Denmark allows quarantine-free travel to additional EU regions

Tourists from Denmark can from Saturday travel to Bulgaria, Poland and parts of several other countries without being required to quarantine on their return home, according to new Danish foreign ministry guidelines.

Denmark allows quarantine-free travel to additional EU regions
Denmark on Friday eased restrictions on travel to Bulgaria, Poland and parts of several other countries. File photo: Mads Claus Rasmussen/Ritzau Scanpix

Denmark’s guidelines for foreign travel are updated weekly by the ministry, which designates countries or regions as yellow, orange, or red, depending on criteria related to the situation with the Covid-19 pandemic locally.

Bulgaria and Poland were on Friday ‘made yellow’, which means the Danish foreign ministry no longer advises against non-essential travel.

Travellers coming to Denmark from “yellow” European Union or Schengen countries no longer have to show a negative coronavirus test before boarding the plane, according to updated rules introduced earlier this month. Neither do they have to go into self-isolation on arrival in Denmark (although they still need to have a test on arrival, unless they have been vaccinated or have recently recovered from Covid-19).

READ ALSO: Denmark eases travel restrictions: EU tourists can now come to Denmark

Even in yellow countries, the foreign ministry still advises travellers from Denmark to be “extra cautious”.

In addition to Bulgaria and Poland, regions of several other countries now change to yellow. The change comes into effect from 4pm on Saturday.

Those regions are: Umbria, Liguria, Abruzzo and Veneto (all in Italy); Cantabria (Spain); Corsica (France); and Salzburg and Lower Austria (both Austria).

Travellers from EU and Schengen countries rated orange still need to show a negative test before boarding the plane, get tested on arrival in Denmark, and to go into self-isolation for at least four days until they test negative for coronavirus, or ten days without a test.

Although Denmark can change its travel advice for specific countries or regions, it should be noted that local restrictions at destinations can still affect Danish travellers. This may include requirements for testing or quarantine.

READ ALSO: What are the rules on travel between the UK and Denmark?

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IN NUMBERS: Has the Omicron Covid-19 wave peaked in Denmark?

The number of new Covid-19 infections fell on Saturday for the second day in a row, following a three-day plateau at the start of last week. Has the omicron wave peaked?

IN NUMBERS: Has the Omicron Covid-19 wave peaked in Denmark?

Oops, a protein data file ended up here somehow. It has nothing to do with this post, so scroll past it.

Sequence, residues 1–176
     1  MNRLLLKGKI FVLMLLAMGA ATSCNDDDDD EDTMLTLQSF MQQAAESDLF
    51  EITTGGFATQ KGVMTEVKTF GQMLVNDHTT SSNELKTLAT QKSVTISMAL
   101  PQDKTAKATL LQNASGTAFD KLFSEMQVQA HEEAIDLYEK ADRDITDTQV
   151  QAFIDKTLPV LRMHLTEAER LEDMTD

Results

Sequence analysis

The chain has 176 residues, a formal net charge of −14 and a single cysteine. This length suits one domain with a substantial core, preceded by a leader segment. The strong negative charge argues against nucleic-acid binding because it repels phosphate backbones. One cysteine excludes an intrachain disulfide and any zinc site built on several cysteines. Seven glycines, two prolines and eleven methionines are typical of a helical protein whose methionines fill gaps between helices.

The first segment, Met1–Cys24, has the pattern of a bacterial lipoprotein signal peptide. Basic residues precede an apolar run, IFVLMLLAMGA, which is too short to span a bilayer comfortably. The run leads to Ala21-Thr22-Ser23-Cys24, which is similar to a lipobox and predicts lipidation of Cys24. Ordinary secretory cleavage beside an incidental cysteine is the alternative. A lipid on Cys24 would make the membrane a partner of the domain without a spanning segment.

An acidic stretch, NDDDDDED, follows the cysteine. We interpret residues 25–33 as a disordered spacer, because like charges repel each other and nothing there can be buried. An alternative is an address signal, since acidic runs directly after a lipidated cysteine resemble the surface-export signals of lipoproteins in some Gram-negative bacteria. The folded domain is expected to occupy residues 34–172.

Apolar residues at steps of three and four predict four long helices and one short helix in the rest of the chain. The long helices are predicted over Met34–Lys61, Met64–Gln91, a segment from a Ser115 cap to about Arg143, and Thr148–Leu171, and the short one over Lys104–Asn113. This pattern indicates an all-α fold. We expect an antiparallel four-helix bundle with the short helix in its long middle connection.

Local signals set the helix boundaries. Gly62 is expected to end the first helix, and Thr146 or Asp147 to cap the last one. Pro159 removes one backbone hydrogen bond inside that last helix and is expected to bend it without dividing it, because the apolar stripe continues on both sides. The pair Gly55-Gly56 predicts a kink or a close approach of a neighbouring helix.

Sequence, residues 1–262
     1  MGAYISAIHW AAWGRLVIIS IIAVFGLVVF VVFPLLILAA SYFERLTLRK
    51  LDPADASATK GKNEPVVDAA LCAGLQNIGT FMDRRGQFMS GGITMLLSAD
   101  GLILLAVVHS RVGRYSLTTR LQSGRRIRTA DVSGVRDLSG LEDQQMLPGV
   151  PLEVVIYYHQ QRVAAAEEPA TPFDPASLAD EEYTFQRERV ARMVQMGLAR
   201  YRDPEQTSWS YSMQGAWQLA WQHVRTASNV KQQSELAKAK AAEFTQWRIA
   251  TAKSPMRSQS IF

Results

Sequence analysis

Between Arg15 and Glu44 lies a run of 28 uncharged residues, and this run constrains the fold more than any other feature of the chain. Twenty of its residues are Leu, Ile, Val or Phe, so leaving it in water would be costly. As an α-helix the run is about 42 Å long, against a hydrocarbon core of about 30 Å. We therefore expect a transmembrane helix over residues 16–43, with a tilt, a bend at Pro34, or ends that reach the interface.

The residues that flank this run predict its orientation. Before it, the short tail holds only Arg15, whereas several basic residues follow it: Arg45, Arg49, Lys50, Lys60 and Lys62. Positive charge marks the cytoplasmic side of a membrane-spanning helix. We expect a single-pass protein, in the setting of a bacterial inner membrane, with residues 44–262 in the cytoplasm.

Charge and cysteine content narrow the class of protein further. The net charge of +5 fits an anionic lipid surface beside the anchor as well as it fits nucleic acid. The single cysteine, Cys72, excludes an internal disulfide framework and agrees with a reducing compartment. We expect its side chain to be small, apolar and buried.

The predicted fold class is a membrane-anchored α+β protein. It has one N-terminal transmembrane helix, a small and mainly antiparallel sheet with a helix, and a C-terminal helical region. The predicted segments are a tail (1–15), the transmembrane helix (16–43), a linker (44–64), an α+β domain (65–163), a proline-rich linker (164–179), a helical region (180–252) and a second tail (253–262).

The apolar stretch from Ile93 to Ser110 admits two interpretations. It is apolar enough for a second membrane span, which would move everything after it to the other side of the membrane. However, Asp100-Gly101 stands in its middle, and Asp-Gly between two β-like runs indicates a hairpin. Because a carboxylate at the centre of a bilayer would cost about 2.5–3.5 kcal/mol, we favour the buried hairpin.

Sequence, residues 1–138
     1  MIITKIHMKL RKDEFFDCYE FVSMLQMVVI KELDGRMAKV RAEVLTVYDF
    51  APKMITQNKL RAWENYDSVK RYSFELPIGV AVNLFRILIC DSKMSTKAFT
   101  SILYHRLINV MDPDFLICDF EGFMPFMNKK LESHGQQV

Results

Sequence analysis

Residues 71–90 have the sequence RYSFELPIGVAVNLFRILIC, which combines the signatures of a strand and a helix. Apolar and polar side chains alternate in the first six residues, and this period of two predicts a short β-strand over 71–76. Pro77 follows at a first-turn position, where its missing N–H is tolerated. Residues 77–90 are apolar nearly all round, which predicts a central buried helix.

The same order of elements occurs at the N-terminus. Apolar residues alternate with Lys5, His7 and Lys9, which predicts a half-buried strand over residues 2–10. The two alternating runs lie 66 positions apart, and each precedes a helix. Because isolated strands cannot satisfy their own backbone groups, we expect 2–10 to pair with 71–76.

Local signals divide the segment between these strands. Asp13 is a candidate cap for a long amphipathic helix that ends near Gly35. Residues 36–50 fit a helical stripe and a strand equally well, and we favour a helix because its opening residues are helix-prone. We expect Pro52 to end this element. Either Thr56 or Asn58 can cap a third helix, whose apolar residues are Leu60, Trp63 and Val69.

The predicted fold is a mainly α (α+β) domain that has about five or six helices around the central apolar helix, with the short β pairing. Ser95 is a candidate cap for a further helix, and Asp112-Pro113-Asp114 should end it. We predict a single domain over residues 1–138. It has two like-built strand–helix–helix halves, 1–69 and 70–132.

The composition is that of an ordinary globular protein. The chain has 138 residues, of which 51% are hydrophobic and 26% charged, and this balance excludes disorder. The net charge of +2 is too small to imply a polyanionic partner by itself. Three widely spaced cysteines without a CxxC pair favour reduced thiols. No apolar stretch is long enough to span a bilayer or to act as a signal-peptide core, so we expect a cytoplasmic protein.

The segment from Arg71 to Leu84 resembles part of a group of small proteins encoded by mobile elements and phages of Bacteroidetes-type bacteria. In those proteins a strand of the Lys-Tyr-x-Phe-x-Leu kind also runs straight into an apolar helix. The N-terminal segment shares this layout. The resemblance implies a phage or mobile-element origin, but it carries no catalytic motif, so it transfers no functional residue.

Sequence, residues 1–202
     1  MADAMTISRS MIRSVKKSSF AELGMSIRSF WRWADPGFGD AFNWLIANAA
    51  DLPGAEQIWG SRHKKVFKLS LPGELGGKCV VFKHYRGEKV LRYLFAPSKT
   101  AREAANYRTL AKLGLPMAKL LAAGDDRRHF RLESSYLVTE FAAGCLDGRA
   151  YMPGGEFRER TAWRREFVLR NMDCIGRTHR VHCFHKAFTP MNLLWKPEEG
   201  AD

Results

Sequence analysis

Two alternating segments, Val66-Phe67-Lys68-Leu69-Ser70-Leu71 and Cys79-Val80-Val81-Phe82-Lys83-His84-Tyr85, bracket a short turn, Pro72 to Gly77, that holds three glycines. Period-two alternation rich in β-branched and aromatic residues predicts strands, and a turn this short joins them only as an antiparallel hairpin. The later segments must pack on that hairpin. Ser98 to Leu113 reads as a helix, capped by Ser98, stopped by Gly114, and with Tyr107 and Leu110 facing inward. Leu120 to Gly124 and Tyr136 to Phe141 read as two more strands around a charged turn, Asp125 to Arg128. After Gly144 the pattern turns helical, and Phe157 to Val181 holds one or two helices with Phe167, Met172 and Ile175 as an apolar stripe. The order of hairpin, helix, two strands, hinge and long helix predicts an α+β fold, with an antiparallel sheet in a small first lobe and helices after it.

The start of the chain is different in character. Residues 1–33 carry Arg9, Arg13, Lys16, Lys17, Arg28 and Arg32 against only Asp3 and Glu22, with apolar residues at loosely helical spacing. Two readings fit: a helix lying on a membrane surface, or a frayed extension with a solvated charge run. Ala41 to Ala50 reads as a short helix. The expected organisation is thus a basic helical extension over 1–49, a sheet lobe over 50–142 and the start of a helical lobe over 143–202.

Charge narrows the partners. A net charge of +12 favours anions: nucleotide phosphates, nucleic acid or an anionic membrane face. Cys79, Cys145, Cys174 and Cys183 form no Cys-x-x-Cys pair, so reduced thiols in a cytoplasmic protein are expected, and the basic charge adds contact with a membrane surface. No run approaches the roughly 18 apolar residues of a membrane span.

Graffiti in the Copenhagen hippy enclave of Christiania complaining of Omicron's impact on Christmas. Photo: Philip Davali/Scanpix

How many cases, hospitalisations and deaths are there in Denmark? 

Denmark registered 12,588 new cases in the 24 hours leading up to 2pm on Saturday, down from the 18,261 registered on in the day leading up to Friday at 2pm, which was itself a decline from the record 28,283 cases recorded on Wednesday. 

The cases were identified by a total of 174,517 PCR tests, bringing the positive percentage to 7.21 percent, down from the sky high rates of close to 12 percent seen in the first few days of January. 

The number of cases over the past seven days is lower than the week before in almost every municipality in Denmark, with only Vallensbæk, Aarhus, Holseterbro, Skanderborg, Hjørring, Vordingborg,  Ringkøbing, Kolding, Assens, Horsens, Thisted, and Langeland reporting rises. 

Hospitalisations have also started to fall, with some 730 patients being treated for Covid-10 on Saturday, down from 755 on Friday. On Tuesday, 794 were being treated for Covid-19 in Danish hospitals, the highest number since the peak of the 2020-21 winter wave.

The only marker which has not yet started to fall is the number of deaths, which tends to trail infections and hospitalisations. 

In the 24 hours leading up to 2pm on Saturday, Denmark registered 28 deaths with Covid-19, the highest daily number recorded since 20 January 2021, when 29 people died with Covid-19 (although Denmark’s deadliest day was the 19 January 2021, when 39 people died). 

How does Denmark compare to other countries in Europe? 

Over the last seven days, Denmark has had the highest Covid-19 case rate of any country in Europe bar Ireland. The number of new infections in the country has climbed steadily since the start of December, apart from a brief fall over Christmas. 

So does this mean the omicron wave has peaked? 

Maybe, although experts are not sure. 

“Of course, you can hope for that, but I’m not sure that is the case,” said Christian Wejse, head of the Department for Infectious Diseases at Aarhus University Hospital. “I think it is too early to conclude that the epidemic has peaked.”

He said that patients with the Omicron variant were being discharged more rapidly on average than had been the case with those who had the more dangerous Delta variant. 

“Many admissions are relatively short-lived, thankfully. This is because many do not become that il, and are largely hospitalized because they are suffering with something else. And if they are stable and do not need oxygen, then they are quickly discharged again.” 

Denmark’s Prime Minister Mette Frederiksen said during a visit to an event held by the Social Liberal party that the latest numbers made her even more optimistic about the coming month. 

“We have lower infection numbers and the number of hospitalisations is also plateauing,” she said. “I think we’re going to get through this winter pretty well, even if it will be a difficult time for a lot of people, and we are beginning to see the spring ahead of us, so I’m actually very optimistic.” 

She said that she had been encouraged by the fact that Omicron was a “visibly less dangerous variant if it is not allowed to explode.”